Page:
Knowing these answers these will give you enormous insight into what’s working for you and your business right now.
As I like to say, what works for you > what works for everyone else. It’s a motto that takes the guesswork and emotional stress out of your marketing.
2. Recognize distractions
Distractions are tasks and projects that take us away from our essential work. They’re often small-scale, manageable problems that are tempting to solve, if only because they’re so solvable!
But do you really need to check your newsletter’s open rates, when you have customers waiting to hear back from you?
The best defense is to notice your biggest distraction temptations so you can see them for what they are when they try to pop into your workflow.
Again, these are different for all of us, so if you receive value from these things that’s allowed.
- Finding the perfect theme for your website
- Choosing a platform for your next big thing
- Implementing feedback from people who aren’t your ideal client
- Using social media because you feel obligated to
- Closely monitoring your competition
- Waiting for the perfect idea
- Asking for feedback on your logo
- Not starting your blog/course/project until you have the right name
- Waiting until you’re ready
- Your fear of failure (& mine too)
On the flip side, it’s equally important to know what can look like a distraction but is actually part of what makes it easier for you to succeed.
- Finding the right words
- Establishing and honoring your boundaries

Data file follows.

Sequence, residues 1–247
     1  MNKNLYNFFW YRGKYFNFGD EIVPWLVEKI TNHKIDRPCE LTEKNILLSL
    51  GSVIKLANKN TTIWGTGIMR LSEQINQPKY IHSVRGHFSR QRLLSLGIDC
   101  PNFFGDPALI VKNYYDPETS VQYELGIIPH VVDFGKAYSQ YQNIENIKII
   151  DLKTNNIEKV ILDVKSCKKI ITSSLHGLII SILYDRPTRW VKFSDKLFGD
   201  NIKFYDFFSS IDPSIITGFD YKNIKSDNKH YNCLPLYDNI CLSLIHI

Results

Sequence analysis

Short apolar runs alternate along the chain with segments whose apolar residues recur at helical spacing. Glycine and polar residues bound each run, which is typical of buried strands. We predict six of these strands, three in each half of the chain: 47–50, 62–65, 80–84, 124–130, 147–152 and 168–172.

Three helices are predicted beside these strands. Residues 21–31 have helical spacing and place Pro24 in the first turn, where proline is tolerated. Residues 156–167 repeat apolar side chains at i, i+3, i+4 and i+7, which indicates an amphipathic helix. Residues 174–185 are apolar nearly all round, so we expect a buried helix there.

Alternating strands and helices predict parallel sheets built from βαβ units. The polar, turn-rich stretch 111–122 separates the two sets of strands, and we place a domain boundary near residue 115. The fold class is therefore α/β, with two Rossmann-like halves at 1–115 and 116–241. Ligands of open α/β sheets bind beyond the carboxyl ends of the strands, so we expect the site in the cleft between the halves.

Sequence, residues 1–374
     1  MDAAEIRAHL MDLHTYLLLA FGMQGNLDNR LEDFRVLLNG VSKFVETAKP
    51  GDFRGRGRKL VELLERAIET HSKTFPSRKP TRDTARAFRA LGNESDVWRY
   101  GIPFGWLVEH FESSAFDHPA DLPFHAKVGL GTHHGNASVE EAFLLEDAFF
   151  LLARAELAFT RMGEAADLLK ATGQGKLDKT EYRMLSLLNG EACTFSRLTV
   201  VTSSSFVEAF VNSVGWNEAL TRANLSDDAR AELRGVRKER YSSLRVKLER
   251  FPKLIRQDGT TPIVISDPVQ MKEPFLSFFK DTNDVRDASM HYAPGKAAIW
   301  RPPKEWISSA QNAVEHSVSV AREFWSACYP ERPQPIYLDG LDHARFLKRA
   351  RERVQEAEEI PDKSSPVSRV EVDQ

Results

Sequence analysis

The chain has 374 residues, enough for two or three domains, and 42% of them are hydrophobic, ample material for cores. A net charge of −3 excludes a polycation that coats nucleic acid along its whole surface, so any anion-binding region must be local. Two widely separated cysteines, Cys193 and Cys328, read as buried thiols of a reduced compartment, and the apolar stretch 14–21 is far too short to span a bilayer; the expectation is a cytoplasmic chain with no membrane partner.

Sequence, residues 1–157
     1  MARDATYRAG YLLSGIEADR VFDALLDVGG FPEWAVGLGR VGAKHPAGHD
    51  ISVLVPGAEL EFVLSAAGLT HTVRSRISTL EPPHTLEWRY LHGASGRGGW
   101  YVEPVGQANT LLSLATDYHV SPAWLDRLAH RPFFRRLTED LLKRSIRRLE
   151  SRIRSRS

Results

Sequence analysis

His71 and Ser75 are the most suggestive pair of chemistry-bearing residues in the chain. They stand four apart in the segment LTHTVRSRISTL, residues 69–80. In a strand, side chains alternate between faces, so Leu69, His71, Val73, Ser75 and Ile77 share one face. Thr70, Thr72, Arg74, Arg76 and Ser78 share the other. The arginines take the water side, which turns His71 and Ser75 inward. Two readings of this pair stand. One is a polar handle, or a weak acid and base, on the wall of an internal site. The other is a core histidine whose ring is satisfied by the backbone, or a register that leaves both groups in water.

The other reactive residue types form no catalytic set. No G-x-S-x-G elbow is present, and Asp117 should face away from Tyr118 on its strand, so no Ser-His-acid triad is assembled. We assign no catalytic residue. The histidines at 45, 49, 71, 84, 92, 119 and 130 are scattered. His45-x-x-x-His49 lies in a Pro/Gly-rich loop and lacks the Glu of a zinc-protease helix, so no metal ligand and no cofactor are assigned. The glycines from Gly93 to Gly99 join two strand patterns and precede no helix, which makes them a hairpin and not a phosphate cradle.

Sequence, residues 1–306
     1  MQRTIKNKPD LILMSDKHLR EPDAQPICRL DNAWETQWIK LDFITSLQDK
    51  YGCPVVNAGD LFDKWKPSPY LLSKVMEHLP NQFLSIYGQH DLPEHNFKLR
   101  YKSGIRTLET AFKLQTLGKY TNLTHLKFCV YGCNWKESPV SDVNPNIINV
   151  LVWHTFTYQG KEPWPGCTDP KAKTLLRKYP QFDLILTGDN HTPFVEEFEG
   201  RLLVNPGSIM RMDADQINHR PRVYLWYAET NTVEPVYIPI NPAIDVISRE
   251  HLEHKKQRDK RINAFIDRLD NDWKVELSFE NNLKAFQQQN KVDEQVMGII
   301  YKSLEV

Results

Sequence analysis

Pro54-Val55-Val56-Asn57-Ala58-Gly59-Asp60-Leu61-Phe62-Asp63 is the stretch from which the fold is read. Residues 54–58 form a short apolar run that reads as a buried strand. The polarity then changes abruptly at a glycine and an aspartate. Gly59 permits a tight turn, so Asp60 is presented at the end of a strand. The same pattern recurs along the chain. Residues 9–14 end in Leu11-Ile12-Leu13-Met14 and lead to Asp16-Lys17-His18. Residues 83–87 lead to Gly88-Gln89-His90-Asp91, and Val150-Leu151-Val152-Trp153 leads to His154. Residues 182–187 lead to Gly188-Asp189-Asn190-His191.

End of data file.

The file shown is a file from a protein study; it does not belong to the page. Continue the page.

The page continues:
- Volunteering or pro-bono work
- Thinking up ways to delight the people your business touches
- Staying with hard things
- Giving yourself time to “simmer” on big ideas
- Refocusing on the big picture
- Asking clarifying questions
- Taking the time to remember and voice the ground rules for what we want to create
3. Build a simple sales system based on your strengths.
Real talk: This is the clearest path I’ve found to get out of magic formula thinking, and still get fairy godmother results in my business.
It’s building a simple sales system that multiplies my message through my unique strengths and reliably attracts ideal customers and steady sales.
Now I know, everyone has baggage with the word sales, but stick with me!
What I mean is: a reliable way to attract your best customers year round, from multiple sources that you can control.
Instead of being based on assumptions about your business, it’s based on straightforward choices that you already know the answers to, like:
- How many products and services do you want to draw attention to throughout the year?
- What tasks do you love in your business?
- What tasks do you actively avoid, or always seem to procrastinate?
A simple sales system based on your insight can easily draw out and use your expertise in a way that cookie cutter formulas just can’t. It creates endless micro-opportunities for your work to resonate and excite your best customers, and to build trust with future customers who aren’t ready to buy.
Wish you had a guide through the process of building a sales system that uses your voice, your strengths and profitable routines you can stick to?